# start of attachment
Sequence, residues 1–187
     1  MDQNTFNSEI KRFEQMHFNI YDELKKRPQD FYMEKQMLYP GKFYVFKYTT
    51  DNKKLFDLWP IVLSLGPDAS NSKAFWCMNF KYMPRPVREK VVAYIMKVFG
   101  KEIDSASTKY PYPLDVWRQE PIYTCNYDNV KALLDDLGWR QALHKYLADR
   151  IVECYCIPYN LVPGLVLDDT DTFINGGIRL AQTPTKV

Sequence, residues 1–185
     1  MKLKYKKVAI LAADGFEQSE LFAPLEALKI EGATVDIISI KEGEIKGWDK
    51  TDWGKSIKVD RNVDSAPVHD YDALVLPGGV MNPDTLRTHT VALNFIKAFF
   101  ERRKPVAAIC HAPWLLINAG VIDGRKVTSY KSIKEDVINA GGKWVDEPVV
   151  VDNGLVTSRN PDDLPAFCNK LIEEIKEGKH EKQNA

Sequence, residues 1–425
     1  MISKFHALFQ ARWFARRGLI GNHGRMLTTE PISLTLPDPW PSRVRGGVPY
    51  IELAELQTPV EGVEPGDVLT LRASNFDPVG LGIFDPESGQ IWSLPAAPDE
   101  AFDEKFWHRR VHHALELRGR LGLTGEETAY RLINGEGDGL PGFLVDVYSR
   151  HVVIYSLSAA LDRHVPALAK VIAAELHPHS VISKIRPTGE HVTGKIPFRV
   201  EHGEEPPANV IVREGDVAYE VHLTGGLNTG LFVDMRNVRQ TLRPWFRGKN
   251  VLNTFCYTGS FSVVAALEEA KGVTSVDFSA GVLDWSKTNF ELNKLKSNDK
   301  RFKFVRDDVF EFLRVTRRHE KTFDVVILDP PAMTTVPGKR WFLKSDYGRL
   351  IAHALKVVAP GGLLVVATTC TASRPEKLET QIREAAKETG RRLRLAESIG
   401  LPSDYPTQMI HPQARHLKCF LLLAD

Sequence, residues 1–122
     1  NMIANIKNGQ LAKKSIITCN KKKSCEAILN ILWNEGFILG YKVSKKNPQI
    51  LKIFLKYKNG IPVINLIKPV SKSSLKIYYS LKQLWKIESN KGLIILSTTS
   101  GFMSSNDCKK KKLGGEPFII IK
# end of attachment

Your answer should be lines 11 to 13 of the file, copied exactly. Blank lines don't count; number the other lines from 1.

Sequence, residues 1–425
     1  MISKFHALFQ ARWFARRGLI GNHGRMLTTE PISLTLPDPW PSRVRGGVPY
    51  IELAELQTPV EGVEPGDVLT LRASNFDPVG LGIFDPESGQ IWSLPAAPDE